Constellation Energy owns three of the six largest coal fired power plants in Maryland. Two of these plants, Brandon Shores and Herbert A Wagner in Anne Arundel county, are fired with coal mined from seven mountaintop removal strip mines in the Appalachian mountains of West Virginia and Kentucky. C. P. Crane in Baltimore County, also owned by Constellation, does not burn mountaintop removal coal, but it supports the practice by purchasing coal from companies that engage in the practice. You can learn more about Baltimore’s connection to mountaintop removal, and more about the process of mountaintop removal, by visiting www.ilovemountains.org

On December 1st, SF/SC president Zoe Keller spoke at the Rally for Maryland’s Clean Energy Future, put on by the Chesapeake Climate Action Network, Environment Maryland, the MD League of Conservation Voters and other concerned groups. The rally was called to protest MAPP (Mid-Atlantic Power Pathway) and PATH (Potomac -Appalachian Transmission Highline) power lines that would bring more dirty coal and nuclear energy to Maryland. Protesters view these lines as a huge step back for Maryland, following the landmark passage of the Maryland Greenhouse Gas Emissions Reduction Act.

Zoe discussed the role of Maryland’s youth in the climate movement. You can watch video of the rally (including some of Zoe’s speech) at 2b4 the World (“Rally for Responsible Energy”).

Thanks for the photos Mike & Miranda!
words – Zoe

Filed under: Direct Actions

Talking Mountaintops

teach-inSF/SC Holds Peer-to-Peer Teach-Ins About Mountaintop Removal Coal Mining
Students for a Sustainable Campus members held three informational sessions in the Brown Center on MICA’s campus Thursday to inform MICA students about mountaintop removal coal mining and its connection to electricity in Baltimore. The teach-ins are leading up to two big Baltimore events the week after Thanksgiving: a nonviolent direct action against Constellation Energy led by MICA students, and the Rally for Maryland’s Clean Energy Future on December 1st.

Mountaintop removal coal mining is an especially devastating form of mining that levels entire mountains and fills the surrounding valleys, rivers and streams with rubble. Communities in Central Appalachia, where mountaintop removal coal mining is concentrated, feel the brunt of this mining’s damaging effects. Drinking water is contaminated with carcinogens, flooding increases, and communities are put at constant risk of a disaster like the disaster that occurred in Tennessee in 2008.

The electricity that we use in Baltimore is generated in part by this fuel source: two power plants in Maryland, Brandon Shores and Herbert A. Wagner in Anne Arundel county, burn mountaintop removal coal. Although C. P. Crane in Baltimore County does not burn mountaintop removal coal, it supports the practice by purchasing coal from companies that engage in the practice. If you live in Baltimore, you become responsible for mountaintop removal every time you turn on a light.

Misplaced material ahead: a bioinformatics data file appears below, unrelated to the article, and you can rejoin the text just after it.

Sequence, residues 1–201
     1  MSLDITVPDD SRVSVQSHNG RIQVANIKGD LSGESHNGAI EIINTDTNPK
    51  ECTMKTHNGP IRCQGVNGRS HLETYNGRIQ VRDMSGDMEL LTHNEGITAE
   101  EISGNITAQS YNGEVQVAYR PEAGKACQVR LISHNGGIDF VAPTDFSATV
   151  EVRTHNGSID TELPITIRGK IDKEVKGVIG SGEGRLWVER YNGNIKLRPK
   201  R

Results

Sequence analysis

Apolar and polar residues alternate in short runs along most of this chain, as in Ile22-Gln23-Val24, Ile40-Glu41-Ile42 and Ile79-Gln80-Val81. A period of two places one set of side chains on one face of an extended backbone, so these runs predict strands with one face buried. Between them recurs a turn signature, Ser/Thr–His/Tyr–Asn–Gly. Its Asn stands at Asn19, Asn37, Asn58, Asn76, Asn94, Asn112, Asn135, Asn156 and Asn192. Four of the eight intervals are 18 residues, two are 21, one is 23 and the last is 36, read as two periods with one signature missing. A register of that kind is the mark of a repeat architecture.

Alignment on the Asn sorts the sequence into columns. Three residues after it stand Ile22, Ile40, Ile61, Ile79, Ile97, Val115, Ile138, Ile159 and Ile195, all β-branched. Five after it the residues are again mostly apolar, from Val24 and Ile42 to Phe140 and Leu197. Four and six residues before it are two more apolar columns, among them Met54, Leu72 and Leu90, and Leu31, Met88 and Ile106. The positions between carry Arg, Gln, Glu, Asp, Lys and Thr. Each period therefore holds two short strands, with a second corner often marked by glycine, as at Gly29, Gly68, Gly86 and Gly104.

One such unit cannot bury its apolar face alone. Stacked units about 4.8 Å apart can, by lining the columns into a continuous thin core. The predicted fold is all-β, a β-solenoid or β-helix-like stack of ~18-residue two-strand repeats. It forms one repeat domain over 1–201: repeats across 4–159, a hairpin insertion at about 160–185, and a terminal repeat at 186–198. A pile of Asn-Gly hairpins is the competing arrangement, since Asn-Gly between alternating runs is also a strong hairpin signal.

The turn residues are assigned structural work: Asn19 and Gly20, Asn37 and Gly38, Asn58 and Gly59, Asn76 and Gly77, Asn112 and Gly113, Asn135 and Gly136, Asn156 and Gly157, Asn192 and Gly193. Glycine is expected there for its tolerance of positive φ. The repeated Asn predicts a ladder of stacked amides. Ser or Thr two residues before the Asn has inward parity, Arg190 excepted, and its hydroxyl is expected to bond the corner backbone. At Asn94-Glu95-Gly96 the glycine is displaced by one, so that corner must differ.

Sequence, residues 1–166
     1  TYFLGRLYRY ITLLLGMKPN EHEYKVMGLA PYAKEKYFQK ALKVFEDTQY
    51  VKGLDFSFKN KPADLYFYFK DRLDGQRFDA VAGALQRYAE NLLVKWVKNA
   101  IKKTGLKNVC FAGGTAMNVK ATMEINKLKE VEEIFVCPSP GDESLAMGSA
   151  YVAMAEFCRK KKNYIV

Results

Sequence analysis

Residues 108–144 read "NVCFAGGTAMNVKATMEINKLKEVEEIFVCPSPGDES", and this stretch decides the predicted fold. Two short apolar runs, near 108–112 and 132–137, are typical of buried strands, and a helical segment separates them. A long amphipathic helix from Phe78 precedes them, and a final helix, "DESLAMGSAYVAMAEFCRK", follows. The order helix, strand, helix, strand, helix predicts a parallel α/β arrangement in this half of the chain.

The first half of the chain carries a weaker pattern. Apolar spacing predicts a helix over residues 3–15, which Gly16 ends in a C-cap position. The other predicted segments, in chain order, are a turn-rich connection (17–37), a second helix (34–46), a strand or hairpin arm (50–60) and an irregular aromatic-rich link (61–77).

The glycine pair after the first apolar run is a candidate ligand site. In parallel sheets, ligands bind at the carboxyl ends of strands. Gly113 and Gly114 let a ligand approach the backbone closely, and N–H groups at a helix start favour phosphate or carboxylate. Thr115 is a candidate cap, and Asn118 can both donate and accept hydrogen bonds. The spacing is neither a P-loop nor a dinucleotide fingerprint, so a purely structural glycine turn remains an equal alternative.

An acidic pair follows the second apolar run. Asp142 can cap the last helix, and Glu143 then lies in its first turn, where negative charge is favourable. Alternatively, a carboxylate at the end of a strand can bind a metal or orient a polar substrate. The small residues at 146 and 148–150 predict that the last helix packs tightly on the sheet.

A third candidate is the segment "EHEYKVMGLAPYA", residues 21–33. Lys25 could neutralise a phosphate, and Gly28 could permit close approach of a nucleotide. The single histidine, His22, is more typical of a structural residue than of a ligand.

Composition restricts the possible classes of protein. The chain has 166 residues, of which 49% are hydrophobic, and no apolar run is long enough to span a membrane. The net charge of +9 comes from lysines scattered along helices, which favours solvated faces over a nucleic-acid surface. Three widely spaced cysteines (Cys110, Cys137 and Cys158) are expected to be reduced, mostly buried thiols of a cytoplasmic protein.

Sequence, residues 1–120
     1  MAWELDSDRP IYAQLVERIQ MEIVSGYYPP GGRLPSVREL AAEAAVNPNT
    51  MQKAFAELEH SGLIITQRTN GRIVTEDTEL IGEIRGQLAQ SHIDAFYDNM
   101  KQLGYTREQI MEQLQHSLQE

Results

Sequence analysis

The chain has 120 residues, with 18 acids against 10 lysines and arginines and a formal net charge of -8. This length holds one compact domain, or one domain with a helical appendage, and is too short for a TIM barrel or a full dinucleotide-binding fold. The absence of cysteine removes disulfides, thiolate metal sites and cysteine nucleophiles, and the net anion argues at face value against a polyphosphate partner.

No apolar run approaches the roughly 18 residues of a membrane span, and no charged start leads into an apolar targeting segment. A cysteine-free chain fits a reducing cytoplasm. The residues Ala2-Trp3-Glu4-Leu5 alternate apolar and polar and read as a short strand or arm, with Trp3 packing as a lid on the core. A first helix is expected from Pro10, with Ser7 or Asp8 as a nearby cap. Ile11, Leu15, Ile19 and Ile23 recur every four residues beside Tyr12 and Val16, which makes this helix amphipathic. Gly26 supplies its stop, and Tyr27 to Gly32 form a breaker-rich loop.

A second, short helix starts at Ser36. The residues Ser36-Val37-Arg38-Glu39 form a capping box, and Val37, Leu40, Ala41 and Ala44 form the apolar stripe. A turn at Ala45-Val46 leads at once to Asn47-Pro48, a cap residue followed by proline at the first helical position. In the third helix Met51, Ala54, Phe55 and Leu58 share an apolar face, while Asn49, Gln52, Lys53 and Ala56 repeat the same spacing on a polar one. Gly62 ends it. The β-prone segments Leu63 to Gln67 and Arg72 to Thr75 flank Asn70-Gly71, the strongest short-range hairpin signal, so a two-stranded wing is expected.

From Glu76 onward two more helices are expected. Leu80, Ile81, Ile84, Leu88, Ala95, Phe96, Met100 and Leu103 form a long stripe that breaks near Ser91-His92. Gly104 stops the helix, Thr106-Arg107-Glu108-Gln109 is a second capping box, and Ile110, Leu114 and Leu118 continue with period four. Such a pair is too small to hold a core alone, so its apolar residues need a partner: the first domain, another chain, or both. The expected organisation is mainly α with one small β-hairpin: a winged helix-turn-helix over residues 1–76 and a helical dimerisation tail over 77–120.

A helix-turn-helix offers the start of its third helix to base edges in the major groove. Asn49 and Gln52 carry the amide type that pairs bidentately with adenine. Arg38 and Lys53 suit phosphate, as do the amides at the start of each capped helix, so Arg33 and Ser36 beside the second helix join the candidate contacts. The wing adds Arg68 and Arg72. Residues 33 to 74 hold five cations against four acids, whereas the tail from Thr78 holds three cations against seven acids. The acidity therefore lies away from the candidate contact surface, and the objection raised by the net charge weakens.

On November 30th, SF/SC members will lead a nonviolent direct action against Constellation Energy, the owner of these three power plants. Using costumes, props, and song, students will parade to Constellation to demand that the company cease the purchase of mountaintop removal coal and transition to cleaner energy sources. The following day, on Decemeber 1st, the Chesapeake Climate Action Network, Environment Maryland, and several other organizations will rally against a power line that would bring more “dirty coal energy” to Maryland. You can register for the event here.

Filed under: On Campus

Obama Save Our Mama!

Protesters form a circle of hope in front of the White House.

On Saturday, October 24th, people in 181 countries gathered to participate in the 350 Day of Action, an international call for strong climate legislation and leadership.

SF/SC members joined hundreds in DC for one of the biggest of the 5,200 climate actions. With ponchos on and umbrellas open, protesters marched nineteen blocks through the driving rain to Lafayette Park in front of the White House. There, participants formed a circle of hope to send a clear message to the Obama administration: the United States must pass strict climate legislation and enter the international climate talks in Copenhagen as leaders.

SF/SC member Nellie Sorenson helps form the circle of hope.

The 350 Campaign was founded by American author Bill McKibben and mobilized by a team of college students. The number 350 stands for 350 parts per million carbon dioxide, the level of CO2 that leading scientists, including NASA’s James Hansen, have identified as the safe upper limit of carbon dioxide in the atmosphere. Currently, we are at 390 ppm. And most governments have set 450 ppm as their target. McKibben explains that at this level, the sea is expected to rise 75 to 120 feet. That would put a whole lot of land – including a little spot of land called Baltimore – deep underwater.